Talk given by Sharon Shamir, Feed the Hill

Thank you to the Reverend Jane Elliot and to all of you here today for including me in your service.

Feed the Hill began as an offshoot of the local Telegraph Hill mutual aid group in March this year. The group had a dedicated phone line, and as supermarket shortages began to bite, we received more and more calls from people who were housebound and unable to access food. 

We quickly hit on the idea of buying goods in bulk from New Covent Garden Market and distributing them at cost. We did 20 boxes that first week, predominantly to members of Branching Out – with the support of Jessica Haener – as well as JOY and other local older people’s groups. 

Another week later and we had 40 willing customers, but by now, April, loss of free school meals and precarious employment were prevalent in the ward, particularly among those who had previously worked on so-called zero-hour contracts. 

With the help of Bold Vision and community groups including St Catherine’s, we fundraised so we could provide our boxes for free to those who would otherwise be going without. Within a month we were feeding 600 people a week. 

That’s where it all got a bit strange. We started to realise that often we didn’t need to buy in our goods at all, as we received offer after offer of so-called surplus food: 

  • 200 pints of fresh milk from Pret, redundant now that no one was buying takeaway coffee. 
  • Two tonnes of ripe pears, grown and packaged for schools and nurseries that were now closed.
  • 3,000 a week of Innocent smoothies, that the company was obliged to keep producing rather than breaching a contract with their manufacturing facility. 
  • Thousands of airline meals, part of a consignment of 50,000 that had been unearthed in a warehouse in Manchester.
  • A pallet of McDonald’s dipping sauces.

If we hadn’t rescued these things, they’d have been thrown away. Perfectly good food. In the end the milk was stashed in every fridge and freezer within this complex until we could distribute it. The pears were given out to dozens of community groups in Lewisham, and the excess turned into jam and then cider – a volunteer marched up Jerningham Road collecting jam jars, stock pots, and a furloughed chef. We included smoothies in our boxes weekly. 

Those airline meals turned out to be quite tasty – though we’re still working our way through the McDonald’s sauces!

Weekly, sometimes daily, we were confronted with the excesses and absurdities of 21st century food production. Supermarket shelves bare, but produce rotting in restaurant storerooms. Parents skipping meals so their children wouldn’t go without, but allotments heaving with ripe vegetables as plot-holders shielded. 

It was a stark lesson in how so many of us now see ourselves as merely consumers of food, and how we have lost sight of the relationship between the means of production of our food and its consumption. We no longer have to ask if there has been a good harvest.

I spoke just now about us rescuing this food, but really – and I know it may sound trite – I feel that the food rescued us volunteers. Like a lot of people, I felt powerless as coronavirus swept the world, and frightened by the uncertainty of the months ahead. I suppose to some extent I still do. But this project focused my attention on what I could offer, and how I could help.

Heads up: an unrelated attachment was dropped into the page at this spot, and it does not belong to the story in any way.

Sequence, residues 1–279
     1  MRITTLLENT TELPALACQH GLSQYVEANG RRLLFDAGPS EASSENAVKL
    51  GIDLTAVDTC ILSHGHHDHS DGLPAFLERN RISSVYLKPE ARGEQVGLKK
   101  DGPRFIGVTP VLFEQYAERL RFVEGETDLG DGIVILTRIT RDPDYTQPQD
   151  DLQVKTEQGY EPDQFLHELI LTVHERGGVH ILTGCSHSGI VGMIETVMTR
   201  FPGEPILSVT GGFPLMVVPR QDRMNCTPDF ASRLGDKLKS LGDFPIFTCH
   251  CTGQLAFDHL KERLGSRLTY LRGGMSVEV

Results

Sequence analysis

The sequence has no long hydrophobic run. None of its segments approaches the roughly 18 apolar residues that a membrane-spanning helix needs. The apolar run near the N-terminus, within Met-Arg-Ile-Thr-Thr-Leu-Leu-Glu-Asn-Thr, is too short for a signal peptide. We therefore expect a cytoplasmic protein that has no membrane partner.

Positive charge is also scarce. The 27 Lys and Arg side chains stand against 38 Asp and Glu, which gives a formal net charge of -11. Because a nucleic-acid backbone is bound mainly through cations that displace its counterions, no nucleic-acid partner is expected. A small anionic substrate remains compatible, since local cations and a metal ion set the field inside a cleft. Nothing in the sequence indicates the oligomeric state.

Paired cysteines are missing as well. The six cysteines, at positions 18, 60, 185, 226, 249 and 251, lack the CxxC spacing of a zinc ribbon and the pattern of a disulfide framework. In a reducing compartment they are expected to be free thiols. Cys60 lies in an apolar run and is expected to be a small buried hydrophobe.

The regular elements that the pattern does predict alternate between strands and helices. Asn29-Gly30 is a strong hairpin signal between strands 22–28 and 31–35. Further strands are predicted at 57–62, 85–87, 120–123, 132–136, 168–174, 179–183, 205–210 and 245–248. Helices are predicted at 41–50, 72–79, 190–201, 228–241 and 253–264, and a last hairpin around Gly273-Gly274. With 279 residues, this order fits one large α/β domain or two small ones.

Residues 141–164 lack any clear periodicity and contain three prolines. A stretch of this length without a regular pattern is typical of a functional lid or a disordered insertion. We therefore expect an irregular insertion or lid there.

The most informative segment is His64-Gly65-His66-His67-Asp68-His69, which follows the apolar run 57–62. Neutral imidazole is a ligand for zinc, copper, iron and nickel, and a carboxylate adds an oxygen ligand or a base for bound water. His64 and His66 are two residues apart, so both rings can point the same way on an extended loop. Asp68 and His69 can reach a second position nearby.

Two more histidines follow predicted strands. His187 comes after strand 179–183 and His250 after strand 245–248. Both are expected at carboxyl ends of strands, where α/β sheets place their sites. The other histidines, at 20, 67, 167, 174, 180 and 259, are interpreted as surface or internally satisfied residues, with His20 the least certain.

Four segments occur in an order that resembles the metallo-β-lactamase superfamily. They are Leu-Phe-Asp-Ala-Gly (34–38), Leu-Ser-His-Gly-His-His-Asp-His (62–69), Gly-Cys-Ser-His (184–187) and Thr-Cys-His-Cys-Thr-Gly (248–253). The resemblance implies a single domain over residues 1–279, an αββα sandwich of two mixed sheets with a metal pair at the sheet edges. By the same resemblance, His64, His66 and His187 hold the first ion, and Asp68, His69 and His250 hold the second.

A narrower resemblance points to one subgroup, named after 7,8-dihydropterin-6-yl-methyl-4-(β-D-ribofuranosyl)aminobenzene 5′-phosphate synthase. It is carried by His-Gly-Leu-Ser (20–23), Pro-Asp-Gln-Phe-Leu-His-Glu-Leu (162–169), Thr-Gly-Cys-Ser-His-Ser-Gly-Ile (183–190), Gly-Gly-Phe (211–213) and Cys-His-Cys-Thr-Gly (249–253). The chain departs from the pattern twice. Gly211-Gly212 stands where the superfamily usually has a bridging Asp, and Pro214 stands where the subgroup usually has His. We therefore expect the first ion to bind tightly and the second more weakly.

It forced me to recognise my privilege as somebody with time and resources to spare, and then the enormous privilege of finding myself at the helm of it. Likewise for other volunteers – artists and photographers got in touch to offer their skills and time; a software developer created a programme that routes our drivers efficiently on their rounds – I’m told we’re now faster than Amazon – writers turned their hand to grant applications; actors turned up to pack boxes and local musicians held virtual concerts to raise funds and boost awareness. 

One volunteer took it upon herself to ensure we were GDPR compliant; another wrote up safety documentation. A judge combed through lockdown legislation for us. An unemployed administrator set up a team of sewing enthusiasts to make masks. We were inundated with cardboard boxes and egg cartons (we use hundreds of both each week), and I often arrived in the morning to find fresh bay leaves, rosemary or mint from local gardens on the doorstep. Every task, no matter how small, was carried out with an abundance of love and goodwill. 

Each of us found enormous purpose in turning our attention outward and focusing on getting food to those members of our community who would otherwise go hungry.

So, here we are, just about seven months later. Today we feed about 550 people each week, sometimes up to 700 people. We work with this church of course, and the Centre, along with House of Bread and All Saints, seven local schools and nurseries, our ward councillors, refugee aid organisations, homeless shelters and safe houses for those fleeing domestic violence. 

We tap into the extraordinary reach of each of these groups to help people who would otherwise go hungry. 

After finding temporary homes at The Hill Station, Telegraph Hill Centre and House of Bread, last month Lewisham Council offered us a premises free of charge, by New Cross station, and we’re now carrying out our work from there. 

Over 40 volunteers are still active in any given week. We continue to receive almost a tonne of surplus a week, about a Ford Transit van’s worth, which would otherwise go in the bin. 

The occasion of the Harvest Festival provides a welcome opportunity to reflect on these very strange past months, and to give thanks. For the generosity of this community and the organisations we work with, for relative good fortune, and for the opportunity to share what we have. 

Thank you very much.

Categories: sermon